Oil on cardboard
53 х 36,2
State Russian Museum
David Sterenberg was one of the decided opponents of non-objective art. An advocate of figurativism, texture and composition, Sterenberg created his own particular style. Characterised by outlines, flatness and “inverted” perspectives, Sterenberg’s works recall paintings by children and amateur artists. Still Life with a Lamp demonstrates a distinctive synthesis of the concrete and the conventional. Among all his paintings, with their sharp compositional decisions, his still lifes exhibit a special, delicate mastery. Searching for expressiveness in surface finish, Sterenberg paid serious attention to a number of different techniques. However, these “surface finishes experiments” were not Sterenberg’s only aim in the still lifes, which, in the words of the critic Yakov Tugendkhold, “combine rationality of form… with psychological substance.”
Sterenberg, David Petrovich (1881, Zhitomir — 1948, Moscow)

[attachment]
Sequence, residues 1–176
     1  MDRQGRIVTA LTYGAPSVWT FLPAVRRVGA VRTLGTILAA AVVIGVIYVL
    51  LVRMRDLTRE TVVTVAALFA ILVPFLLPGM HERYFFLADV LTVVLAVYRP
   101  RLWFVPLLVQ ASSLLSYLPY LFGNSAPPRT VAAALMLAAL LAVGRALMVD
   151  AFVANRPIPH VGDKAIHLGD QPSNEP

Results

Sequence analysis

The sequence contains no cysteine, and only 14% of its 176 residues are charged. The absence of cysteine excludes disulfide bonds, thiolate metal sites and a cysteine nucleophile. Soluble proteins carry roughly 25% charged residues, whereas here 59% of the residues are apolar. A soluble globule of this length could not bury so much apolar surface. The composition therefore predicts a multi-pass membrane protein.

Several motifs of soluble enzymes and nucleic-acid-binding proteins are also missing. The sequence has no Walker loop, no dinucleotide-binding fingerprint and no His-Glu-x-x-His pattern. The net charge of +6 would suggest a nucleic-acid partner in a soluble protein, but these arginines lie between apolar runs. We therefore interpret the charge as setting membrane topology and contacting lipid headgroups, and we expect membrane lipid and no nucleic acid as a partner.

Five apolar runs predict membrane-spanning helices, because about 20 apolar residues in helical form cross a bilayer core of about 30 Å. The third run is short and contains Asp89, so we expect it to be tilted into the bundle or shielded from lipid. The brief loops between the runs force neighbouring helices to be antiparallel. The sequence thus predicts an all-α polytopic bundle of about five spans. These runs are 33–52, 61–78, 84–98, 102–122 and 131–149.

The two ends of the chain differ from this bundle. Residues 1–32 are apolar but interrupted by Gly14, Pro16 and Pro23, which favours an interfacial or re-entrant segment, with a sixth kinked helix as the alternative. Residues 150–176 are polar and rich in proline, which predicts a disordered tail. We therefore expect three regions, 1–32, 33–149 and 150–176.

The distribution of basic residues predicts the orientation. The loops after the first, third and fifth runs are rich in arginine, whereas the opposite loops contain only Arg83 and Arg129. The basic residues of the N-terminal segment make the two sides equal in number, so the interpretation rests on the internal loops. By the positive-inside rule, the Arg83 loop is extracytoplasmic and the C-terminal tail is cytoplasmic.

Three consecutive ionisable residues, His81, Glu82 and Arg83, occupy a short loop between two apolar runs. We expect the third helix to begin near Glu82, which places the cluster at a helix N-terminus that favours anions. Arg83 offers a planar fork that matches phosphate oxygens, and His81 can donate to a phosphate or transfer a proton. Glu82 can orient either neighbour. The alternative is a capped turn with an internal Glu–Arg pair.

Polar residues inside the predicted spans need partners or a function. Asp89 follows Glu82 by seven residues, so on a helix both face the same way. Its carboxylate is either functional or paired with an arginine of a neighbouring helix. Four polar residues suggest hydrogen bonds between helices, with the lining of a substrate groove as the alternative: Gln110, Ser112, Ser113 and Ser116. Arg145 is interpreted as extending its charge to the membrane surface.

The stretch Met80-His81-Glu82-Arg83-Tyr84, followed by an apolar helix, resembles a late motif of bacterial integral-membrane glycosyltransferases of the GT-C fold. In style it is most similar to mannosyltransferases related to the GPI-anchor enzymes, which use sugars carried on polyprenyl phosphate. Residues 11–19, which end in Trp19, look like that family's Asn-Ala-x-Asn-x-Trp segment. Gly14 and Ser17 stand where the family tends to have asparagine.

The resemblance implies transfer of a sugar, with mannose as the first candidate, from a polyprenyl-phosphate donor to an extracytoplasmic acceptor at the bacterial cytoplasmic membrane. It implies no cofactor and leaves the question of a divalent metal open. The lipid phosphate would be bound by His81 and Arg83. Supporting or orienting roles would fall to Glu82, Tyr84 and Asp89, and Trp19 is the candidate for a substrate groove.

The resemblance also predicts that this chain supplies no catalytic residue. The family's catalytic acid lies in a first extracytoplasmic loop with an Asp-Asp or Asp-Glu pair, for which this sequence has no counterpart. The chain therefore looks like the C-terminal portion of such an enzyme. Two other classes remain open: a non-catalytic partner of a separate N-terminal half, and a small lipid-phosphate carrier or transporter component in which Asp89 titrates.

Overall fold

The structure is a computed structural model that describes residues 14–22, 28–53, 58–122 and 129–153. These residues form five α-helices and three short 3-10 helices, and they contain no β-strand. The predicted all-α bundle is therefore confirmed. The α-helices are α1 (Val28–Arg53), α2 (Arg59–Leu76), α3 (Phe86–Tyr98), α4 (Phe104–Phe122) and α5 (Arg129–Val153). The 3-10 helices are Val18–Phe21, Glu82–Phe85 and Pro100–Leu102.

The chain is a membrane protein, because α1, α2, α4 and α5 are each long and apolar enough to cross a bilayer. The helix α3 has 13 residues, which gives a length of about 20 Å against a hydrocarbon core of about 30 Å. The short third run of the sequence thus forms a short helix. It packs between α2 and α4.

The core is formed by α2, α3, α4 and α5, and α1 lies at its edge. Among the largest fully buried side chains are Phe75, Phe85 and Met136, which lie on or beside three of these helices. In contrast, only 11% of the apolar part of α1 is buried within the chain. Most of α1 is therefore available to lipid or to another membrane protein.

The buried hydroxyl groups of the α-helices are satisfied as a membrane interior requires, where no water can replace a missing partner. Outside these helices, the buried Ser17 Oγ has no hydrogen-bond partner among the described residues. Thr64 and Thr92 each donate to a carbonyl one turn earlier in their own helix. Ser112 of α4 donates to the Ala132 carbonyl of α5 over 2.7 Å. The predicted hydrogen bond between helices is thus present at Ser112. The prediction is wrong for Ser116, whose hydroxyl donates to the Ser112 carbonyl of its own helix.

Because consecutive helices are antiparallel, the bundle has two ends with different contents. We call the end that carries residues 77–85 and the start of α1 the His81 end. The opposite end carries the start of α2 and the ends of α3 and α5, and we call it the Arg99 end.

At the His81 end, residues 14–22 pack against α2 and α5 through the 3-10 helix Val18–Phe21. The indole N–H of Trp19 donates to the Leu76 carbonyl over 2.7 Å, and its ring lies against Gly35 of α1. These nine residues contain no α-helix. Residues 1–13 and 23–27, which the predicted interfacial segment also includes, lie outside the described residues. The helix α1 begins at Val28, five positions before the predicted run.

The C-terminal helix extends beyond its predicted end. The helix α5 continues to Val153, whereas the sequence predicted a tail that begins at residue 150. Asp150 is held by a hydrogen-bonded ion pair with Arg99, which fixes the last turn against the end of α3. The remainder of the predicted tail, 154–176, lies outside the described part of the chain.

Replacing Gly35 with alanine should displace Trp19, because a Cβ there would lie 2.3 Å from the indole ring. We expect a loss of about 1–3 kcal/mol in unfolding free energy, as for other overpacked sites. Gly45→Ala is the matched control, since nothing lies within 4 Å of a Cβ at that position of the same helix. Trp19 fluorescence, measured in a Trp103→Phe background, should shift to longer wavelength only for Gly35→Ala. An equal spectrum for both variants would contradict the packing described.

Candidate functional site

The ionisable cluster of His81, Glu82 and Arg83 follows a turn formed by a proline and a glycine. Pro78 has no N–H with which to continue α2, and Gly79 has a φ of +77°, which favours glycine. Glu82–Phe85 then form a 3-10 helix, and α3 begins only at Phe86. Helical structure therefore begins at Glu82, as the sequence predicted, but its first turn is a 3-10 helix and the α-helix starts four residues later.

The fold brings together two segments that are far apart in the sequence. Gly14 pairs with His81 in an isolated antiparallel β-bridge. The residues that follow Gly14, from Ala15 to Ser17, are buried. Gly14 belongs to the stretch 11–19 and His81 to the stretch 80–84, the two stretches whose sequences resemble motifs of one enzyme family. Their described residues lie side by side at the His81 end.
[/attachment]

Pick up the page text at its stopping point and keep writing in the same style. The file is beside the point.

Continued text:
Painter, graphic artist, theatrical designer, and book illustrator, David Sterenbergstudied at a private studio in Odessa, before attending Académie Vitti in Paris from 1907 to 1912. His work was shown since 1912 at exhibitions such as Salon De Printemps, Salon d’Automne and Salon des Indépendants in Paris (1912–1917). Sterenberg was Commissar for Art in Petrograd from 1917 to 1919, head of the fine arts department at IZO Narkompros (1918–1920) and amember of the Four Arts Association. Throughout the 1920s, hetaught at the Higher Art and Technical Studios/Higher Art and Technical Institute in Moscow and was a founding member and chairman of the Society of Easel Artists. Director of the Russian section of Exposition Internationale des Arts Decoratifs et Industriels Modernes (Paris, 1925), member of the Union of German Book Artists (1928) andfirst deputy chairman of the Moscow branch of the Union of Soviet Artists (1932–1937), Sterenberg washonoured as an Arts Worker of the RSFSR in 1930.